All Rhodes Lead to Greece

All Rhodes Lead to Greece

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naxos-greece|credits:arkntina

Falling land taxes and the introduction of residency permits have seen the market for quality holiday properties on the Greek island of Rhodes rise. The Greek property market has fluctuated over the last few years, in common with much of the rest of Europe, but since 2013 local agents Engel & Völkers has been registering a continuous rise in the number of enquiries.

Land tax has been slashed from 10% to 3% in the Greek island, and the trend to greater numbers of enquiries was reinforced when the new lower rate came into force on January 1 2014.

‘We have registered a 30% rise in the number of search customers for exclusive homes in desirable locations,’ says Georg Petras, Managing Partner at Engel & Völkers Rhodes.

The market in lower-priced homes is characterised by greater elasticity of supply – more homes can be built fairly cheaply, while the pool of potential buyers is quite small. For luxury homes the opposite is true: investors and buyers are increasingly interested from as far afield as Russia and the Middle East, but the stock of available homes is limited by Rhodes’ relatively small size and the quality of the properties themselves.

Buyers of holiday homes and luxury properties often aren’t fulltime Greek residents – they tend to be either wealthy foreigners or Greek expatriates and in many cases, they purchase property with little or no borrowed capital. The majority of international buyers hail from Germany, the UK, Austria, Switzerland, Belgium and surrounding non-EU states but there’s an increasing amount of interest from the Gulf states, Russia and Eastern Europe. That’s partly a result of the increasing number of high net worth individuals in these places, reflecting a global trend; but it’s also partly caused by economic instabilities elsewhere. With stock markets capricious and growth uncertain, investors are eager to put their money into bricks and mortar, and ‘real estate in Greece is a good investment prospect once again as the bottom of the market in terms of property prices has passed and buyers are now being rewarded with high potential for appreciation in the value of their new homes,’ points out Mr. Petras.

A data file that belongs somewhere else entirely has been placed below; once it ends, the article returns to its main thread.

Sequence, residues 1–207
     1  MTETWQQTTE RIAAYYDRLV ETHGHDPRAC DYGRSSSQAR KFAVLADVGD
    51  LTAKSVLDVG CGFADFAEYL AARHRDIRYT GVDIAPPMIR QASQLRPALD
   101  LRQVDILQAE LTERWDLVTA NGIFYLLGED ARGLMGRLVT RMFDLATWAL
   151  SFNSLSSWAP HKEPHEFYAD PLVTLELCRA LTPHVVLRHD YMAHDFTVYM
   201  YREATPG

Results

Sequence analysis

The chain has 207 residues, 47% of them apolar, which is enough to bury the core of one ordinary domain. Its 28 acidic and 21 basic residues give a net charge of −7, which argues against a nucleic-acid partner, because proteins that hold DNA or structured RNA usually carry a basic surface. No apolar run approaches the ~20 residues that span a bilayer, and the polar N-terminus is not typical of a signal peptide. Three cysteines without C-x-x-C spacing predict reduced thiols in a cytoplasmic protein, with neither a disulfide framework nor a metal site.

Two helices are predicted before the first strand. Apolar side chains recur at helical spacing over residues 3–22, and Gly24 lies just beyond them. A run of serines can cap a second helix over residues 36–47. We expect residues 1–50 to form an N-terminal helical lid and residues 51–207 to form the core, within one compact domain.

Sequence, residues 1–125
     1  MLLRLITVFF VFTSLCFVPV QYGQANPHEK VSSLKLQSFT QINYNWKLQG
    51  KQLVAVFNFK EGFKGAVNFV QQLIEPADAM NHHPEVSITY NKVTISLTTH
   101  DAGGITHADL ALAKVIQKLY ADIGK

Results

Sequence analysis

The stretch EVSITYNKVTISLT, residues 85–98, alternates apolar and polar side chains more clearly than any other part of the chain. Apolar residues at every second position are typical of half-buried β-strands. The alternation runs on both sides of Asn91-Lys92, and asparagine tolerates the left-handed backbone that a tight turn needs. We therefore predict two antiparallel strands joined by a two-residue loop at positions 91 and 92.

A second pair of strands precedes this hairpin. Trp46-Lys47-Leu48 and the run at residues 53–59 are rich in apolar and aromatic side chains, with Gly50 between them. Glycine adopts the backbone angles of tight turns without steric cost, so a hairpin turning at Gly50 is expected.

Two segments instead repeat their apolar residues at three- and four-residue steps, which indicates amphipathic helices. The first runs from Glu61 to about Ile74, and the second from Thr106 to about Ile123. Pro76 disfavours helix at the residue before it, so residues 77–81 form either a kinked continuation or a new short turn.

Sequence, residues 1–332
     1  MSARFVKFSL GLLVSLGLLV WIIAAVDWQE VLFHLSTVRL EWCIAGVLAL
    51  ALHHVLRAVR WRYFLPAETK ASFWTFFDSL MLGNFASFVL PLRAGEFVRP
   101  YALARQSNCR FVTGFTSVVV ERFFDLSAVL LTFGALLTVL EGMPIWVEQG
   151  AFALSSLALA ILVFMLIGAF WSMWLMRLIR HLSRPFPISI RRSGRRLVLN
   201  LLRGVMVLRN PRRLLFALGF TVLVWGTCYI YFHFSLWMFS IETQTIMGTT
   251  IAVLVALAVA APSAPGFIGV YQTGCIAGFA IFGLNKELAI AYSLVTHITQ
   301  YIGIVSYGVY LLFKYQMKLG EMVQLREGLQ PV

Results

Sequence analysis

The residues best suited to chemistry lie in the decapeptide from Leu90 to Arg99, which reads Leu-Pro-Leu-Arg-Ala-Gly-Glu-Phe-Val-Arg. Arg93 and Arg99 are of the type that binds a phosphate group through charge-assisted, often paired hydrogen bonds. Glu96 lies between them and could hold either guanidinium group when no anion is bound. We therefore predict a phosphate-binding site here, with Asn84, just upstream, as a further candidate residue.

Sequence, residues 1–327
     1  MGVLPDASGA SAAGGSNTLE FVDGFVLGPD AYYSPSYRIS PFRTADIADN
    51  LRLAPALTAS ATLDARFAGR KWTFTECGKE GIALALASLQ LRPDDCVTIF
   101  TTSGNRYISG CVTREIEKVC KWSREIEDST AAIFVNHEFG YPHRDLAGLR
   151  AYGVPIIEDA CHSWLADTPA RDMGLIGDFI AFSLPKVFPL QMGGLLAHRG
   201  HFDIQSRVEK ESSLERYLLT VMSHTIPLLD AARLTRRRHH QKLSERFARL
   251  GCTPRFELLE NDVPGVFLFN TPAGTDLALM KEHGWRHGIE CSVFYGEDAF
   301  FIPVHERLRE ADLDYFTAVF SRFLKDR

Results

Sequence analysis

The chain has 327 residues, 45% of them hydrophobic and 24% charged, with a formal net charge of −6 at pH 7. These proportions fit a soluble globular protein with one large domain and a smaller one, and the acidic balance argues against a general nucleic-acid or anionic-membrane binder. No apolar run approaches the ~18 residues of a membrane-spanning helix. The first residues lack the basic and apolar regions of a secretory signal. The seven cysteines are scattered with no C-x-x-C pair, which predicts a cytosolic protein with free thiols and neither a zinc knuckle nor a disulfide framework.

Another appealing aspect to buying property on Rhodes, as elsewhere in Greece, is the fact that buying a property worth over €250, 000 automatically gives you a 5-year residency permit, which can be extended an indefinite number of times. This fact hasn’t been publicised as much as the ‘Golden Visa’ schemes of Portugal, Spain and Cyprus, but buyers and investors are getting wind of it and it’s boosting Greek fortunes.

The most sought-after locations on Rhodes are the old town of Lindos and the surrounding region, with the resorts of Pefkos and Vlicha. The whole of the island’s east coast down to its southernmost tip is also sought-after. Prices are high and homes with three or more bedrooms are most in demand. Interest in villas is particularly strong, with larger properties of five bedrooms running around €1.5m, apartments often about €125, 000 and three-bedroom villas ranging between €150, 000 and €200, 000.

Greek property may no longer be a bargain-hunter’s paradise, especially at the pricier end of the scale, but the market is clearly on the up.

rhodes-greece|credits:arkntina